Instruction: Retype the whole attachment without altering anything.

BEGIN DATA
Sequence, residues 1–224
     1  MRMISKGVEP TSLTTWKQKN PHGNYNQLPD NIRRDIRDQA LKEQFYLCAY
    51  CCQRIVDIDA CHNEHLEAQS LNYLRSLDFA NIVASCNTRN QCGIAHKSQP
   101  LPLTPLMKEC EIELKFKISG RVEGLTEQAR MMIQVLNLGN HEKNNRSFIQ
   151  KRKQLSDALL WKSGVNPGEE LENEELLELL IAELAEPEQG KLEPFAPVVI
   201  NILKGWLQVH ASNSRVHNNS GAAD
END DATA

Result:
Sequence, residues 1–224
     1  MRMISKGVEP TSLTTWKQKN PHGNYNQLPD NIRRDIRDQA LKEQFYLCAY
    51  CCQRIVDIDA CHNEHLEAQS LNYLRSLDFA NIVASCNTRN QCGIAHKSQP
   101  LPLTPLMKEC EIELKFKISG RVEGLTEQAR MMIQVLNLGN HEKNNRSFIQ
   151  KRKQLSDALL WKSGVNPGEE LENEELLELL IAELAEPEQG KLEPFAPVVI
   201  NILKGWLQVH ASNSRVHNNS GAAD